A feature film shot in Wichita is a homecoming for the director

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Chris Lawing on the set of “Penitentia,” a film he wrote and directed in honor of his late father, Wichita civil rights attorney Jim Lawing.

Courtesy picture

On a humid summer afternoon, a film crew is crammed into a two-bedroom bungalow in Wichita’s Sleepy Hollow neighborhood.

The person leading the chaos is Chris Lawing, who returned to his hometown to make “Penitentia,” his feature debut. He honors the legacy of his father, the late civil rights attorney Jim Lawing, who practiced law in Wichita for 50 years.

“My dad impacted thousands of lives, and he took on cases because he thought they were worth fighting for,” Lawing said. “He was driven by a very strong moral compass. He believed that the law could help people and he devoted his life to it.

“I wanted to find a way to honor that.”

“Penitentia” is the story of Alejandro “Ale” Villacano (Glenn Stanton), a young lawyer with an atypical past. A lawyer at a top law firm in Wichita, he was once jailed for a crime he didn’t commit.

The character of Ale’s lawyer, Marvin Weissman, was inspired by Jim Lawing. The film follows Ale as he struggles to put his past behind him, even as an old friend needs his help.

The cast and crew spent 10 days in Wichita in February, then returned for a long weekend in June. Production went relatively well, considering the “freezing nightmare” that was the first trip and the unusual summer storms that threatened to disrupt filming last month, Lawing said.

Some scenes were filmed a few doors down from the house where Lawing grew up. Other spots in Wichita include the bar at Georges French Bistro and the dining room at Scotch & Sirloin.

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Jim Lawing was close to the Issa family, owners of Scotch & Sirloin, where Jim Lawing was once a regular. Lawing’s son, Chris Lawing, filmed scenes for “Penitentia”, his feature debut, in the restaurant on a Sunday when the restaurant was closed. Courtesy picture

It was nostalgic to shoot at the “Scotch”, where Jim Lawing once shared drinks with other local lawyers and law enforcement. He got closer to the Issa family, owners of the restaurant.

“They’ve been incredibly helpful,” Lawing said. “When we were here, my son, who was manning the film set, talked about how we spent Thanksgiving there with Grandpa.”

The Tallgrass Film Association has also been a huge help in connecting him with local talent, Lawing said. Many of the team are based in Wichita, and local cast members include Anthony Powell and Rodrick Pocowatchit.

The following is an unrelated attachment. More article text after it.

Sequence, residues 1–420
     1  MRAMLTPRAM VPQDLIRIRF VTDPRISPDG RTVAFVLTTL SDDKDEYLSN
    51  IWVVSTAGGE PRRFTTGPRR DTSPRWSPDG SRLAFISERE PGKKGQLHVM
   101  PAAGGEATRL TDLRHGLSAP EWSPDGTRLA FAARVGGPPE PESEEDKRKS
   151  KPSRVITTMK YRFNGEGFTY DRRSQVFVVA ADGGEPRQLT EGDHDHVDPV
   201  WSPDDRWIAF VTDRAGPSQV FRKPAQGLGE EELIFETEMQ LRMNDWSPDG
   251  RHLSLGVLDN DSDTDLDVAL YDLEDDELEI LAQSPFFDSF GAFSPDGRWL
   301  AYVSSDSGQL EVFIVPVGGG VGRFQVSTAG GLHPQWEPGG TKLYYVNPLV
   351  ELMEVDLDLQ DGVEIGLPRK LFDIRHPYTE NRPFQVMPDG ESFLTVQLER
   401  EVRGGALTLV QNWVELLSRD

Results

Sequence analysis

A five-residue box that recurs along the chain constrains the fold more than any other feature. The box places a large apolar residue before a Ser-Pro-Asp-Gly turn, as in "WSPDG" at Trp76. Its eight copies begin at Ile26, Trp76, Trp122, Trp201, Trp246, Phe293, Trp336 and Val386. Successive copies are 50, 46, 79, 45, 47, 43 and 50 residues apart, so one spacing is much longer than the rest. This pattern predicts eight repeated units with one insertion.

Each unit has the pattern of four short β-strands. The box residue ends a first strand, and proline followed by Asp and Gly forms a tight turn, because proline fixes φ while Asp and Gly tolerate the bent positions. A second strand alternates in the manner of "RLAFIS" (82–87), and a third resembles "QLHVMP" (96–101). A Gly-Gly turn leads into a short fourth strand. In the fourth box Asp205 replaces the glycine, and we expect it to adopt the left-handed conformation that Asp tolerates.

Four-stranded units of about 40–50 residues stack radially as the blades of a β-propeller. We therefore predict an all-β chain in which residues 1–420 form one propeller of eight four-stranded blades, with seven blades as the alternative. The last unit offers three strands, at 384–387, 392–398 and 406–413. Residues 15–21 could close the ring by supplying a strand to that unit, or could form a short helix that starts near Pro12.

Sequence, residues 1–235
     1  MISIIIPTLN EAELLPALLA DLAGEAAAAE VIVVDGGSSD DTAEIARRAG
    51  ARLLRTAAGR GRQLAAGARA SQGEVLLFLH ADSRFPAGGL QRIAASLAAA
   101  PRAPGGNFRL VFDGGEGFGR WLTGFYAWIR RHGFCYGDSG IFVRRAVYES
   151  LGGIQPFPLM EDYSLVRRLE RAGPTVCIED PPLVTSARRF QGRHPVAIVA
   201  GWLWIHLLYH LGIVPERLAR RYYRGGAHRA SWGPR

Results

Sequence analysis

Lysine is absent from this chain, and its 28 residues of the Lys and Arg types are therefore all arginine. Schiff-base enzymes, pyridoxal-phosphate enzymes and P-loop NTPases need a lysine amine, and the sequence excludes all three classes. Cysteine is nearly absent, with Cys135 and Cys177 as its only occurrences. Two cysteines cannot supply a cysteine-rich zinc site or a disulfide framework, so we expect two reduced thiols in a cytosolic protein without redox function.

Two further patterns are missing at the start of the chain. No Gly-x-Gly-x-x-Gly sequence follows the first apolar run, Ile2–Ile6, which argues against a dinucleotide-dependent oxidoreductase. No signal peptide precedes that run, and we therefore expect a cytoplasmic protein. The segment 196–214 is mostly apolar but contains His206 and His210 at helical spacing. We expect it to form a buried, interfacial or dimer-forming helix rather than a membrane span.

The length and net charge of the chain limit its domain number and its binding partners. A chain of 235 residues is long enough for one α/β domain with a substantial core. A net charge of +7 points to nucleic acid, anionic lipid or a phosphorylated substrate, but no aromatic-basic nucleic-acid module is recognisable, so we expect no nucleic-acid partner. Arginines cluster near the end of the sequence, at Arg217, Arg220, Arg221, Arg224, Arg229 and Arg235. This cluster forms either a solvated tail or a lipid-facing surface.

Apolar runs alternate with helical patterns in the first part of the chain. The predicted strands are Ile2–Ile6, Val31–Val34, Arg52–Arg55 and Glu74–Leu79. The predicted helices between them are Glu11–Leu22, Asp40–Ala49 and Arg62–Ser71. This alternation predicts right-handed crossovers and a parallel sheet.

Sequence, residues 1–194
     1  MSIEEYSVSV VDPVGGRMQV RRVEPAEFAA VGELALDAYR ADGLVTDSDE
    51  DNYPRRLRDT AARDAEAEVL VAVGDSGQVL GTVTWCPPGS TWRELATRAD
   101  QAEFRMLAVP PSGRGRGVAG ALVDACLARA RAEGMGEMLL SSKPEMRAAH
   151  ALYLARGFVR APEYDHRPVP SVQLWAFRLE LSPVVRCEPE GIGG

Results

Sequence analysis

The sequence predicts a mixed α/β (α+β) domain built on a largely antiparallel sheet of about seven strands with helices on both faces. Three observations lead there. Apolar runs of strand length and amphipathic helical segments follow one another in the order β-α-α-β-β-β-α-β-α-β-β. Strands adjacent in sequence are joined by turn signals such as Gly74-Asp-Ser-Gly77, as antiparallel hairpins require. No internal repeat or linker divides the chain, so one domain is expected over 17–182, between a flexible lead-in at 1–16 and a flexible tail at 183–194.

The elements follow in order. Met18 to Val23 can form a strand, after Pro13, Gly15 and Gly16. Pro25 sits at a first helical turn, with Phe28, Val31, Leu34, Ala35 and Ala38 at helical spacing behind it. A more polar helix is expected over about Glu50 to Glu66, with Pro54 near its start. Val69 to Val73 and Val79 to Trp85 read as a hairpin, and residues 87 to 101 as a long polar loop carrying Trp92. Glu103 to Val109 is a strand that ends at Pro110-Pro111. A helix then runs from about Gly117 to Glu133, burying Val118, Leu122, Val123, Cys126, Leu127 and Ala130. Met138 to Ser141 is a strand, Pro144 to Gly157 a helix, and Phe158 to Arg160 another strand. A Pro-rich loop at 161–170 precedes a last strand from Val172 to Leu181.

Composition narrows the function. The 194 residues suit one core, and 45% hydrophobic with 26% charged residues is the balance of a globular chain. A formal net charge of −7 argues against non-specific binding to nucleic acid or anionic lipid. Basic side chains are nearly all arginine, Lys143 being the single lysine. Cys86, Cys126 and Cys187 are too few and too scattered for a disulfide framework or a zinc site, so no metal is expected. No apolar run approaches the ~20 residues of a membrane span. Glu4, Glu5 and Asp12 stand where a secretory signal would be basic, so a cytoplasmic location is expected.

The majority were from out of town, and they were pleasantly surprised by their experience filming in Wichita, Lawing said.

“A lot of the cast and crew that came from out of town developed a crush on the city,” he said.

Lawing hasn’t lived in Wichita for 30 years, so filming was kind of a homecoming for him. Making narrative films is another kind of homecoming. After graduating from the University of Kansas, Lawing worked as an associate editor in Los Angeles. Prior to their move to St. Louis nearly 20 years ago, Lawing lived in San Francisco with his wife, Angie, and their young family. He worked briefly at Pixar, but found long hours incompatible with raising a family.

He turned to broadcast and commercial cinema and started Mercury Films, a production company, with his wife. Once their youngest child turned 16, it seemed like it was time to get back to storytelling. Lawing dusted off some old storylines, which led to the 2017 short story “Greg’s Going to Rehab.”

With “Penitentia” now in post-production — with plans to show it on the 2023 film festival circuit — Lawing has begun the production process for another tale, “Liberty,” which is set in western Kansas and will be a larger film than the “micro-budget” “Penitentia”.

He didn’t have the career of a writer-director, acknowledges Lawing.

“You look up and you’re in your 50s,” he said. “It’s not the typical journey for someone my age, especially in such a challenging and competitive company.”

Making a low-budget movie like “Pentitentia” was an opportunity to focus on process and craft

“I just wanted to focus on making the movie,” he said. “Anything that can happen a little after is all in sauce.”

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